Interview with Susan Bonfield, coordinator of International Migratory Bird Day

Interview by Diane Jukofsky, Rainforest Alliance

“I don’t know of another program that has brought together the number of Latin American, United States and Canadian biologists — working together for conservation — as this program has.”

International Migratory Bird Day is an all-American celebration, spanning the continents to focus attention on one of the most important and spectacular events in the life of a migratory bird — its journey between its summer and winter homes. Under the wing of the National Fish and Wildlife Foundation and U.S. Fish and Wildlife Service, IMBD is observed in Canada, the United States, Mexico and Central America through bird festivals, bird walks, education programs, and fundraisers. IMBD offers activity kits, posters, and other materials, in English or Spanish, to help groups interested in holding their own events and programs. The IMBD Web site has more information.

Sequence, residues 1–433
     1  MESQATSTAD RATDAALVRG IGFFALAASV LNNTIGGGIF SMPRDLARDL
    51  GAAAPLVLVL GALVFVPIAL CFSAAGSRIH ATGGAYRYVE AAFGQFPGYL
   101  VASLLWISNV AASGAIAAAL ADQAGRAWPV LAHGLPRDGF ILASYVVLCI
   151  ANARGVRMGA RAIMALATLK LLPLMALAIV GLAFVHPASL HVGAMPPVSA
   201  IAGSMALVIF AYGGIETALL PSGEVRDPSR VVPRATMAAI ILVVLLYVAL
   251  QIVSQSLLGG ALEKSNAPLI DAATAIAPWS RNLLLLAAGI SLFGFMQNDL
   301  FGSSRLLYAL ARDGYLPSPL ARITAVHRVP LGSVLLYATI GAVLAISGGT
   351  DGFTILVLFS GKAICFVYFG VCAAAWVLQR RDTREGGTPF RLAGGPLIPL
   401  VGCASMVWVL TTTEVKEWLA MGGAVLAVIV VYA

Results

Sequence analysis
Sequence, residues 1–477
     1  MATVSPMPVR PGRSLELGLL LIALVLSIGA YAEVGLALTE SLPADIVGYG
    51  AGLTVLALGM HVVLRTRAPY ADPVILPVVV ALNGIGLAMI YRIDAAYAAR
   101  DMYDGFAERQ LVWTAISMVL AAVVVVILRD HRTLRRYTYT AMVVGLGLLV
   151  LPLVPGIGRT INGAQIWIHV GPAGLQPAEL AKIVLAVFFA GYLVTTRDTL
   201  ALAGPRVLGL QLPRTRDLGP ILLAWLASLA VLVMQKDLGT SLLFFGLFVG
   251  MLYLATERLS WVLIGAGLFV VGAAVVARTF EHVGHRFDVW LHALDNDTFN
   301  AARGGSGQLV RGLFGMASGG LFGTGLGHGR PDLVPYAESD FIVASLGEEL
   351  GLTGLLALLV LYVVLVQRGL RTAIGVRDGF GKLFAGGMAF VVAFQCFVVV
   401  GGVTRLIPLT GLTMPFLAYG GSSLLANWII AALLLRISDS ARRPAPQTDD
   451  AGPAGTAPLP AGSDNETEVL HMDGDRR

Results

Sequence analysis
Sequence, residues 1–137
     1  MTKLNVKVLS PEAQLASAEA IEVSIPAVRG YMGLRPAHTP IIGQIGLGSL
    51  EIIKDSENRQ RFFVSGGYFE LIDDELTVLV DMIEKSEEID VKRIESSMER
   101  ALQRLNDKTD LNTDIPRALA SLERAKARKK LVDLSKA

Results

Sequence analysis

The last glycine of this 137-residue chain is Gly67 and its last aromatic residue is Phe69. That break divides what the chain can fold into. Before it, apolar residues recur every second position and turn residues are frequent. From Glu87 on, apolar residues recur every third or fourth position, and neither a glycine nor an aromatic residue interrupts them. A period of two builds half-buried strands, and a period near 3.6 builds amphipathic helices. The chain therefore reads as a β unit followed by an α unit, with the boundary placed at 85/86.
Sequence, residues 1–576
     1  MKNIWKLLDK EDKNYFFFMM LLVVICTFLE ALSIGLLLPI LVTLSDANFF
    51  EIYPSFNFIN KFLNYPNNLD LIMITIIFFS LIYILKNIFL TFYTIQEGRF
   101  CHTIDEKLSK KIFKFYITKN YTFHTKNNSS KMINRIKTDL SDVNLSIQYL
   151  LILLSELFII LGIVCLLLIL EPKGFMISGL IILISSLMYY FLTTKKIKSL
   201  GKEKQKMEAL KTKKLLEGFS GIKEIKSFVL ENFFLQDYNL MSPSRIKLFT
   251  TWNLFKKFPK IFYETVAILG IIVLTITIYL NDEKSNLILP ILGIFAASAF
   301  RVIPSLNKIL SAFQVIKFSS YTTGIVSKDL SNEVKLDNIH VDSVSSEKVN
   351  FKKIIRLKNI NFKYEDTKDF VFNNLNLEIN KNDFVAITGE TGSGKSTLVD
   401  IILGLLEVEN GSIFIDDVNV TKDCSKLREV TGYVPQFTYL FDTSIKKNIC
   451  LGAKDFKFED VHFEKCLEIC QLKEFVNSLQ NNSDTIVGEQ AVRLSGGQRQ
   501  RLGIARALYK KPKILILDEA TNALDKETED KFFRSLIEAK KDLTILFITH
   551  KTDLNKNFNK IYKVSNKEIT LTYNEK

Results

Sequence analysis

Susan Bonfield, coordinator of IMBD, describes the program’s goals and reflects on the impact it has had.

Question: How did International Migratory Bird Day come about and has it been effective?

Bonfield: The people who created migratory bird day — folks with the Smithsonian Migratory Bird Center and Cornell Lab for Ornithology — wanted a way to address concerns about declining migratory bird populations. This is an issue that’s shared among the United States, Latin America and Canada.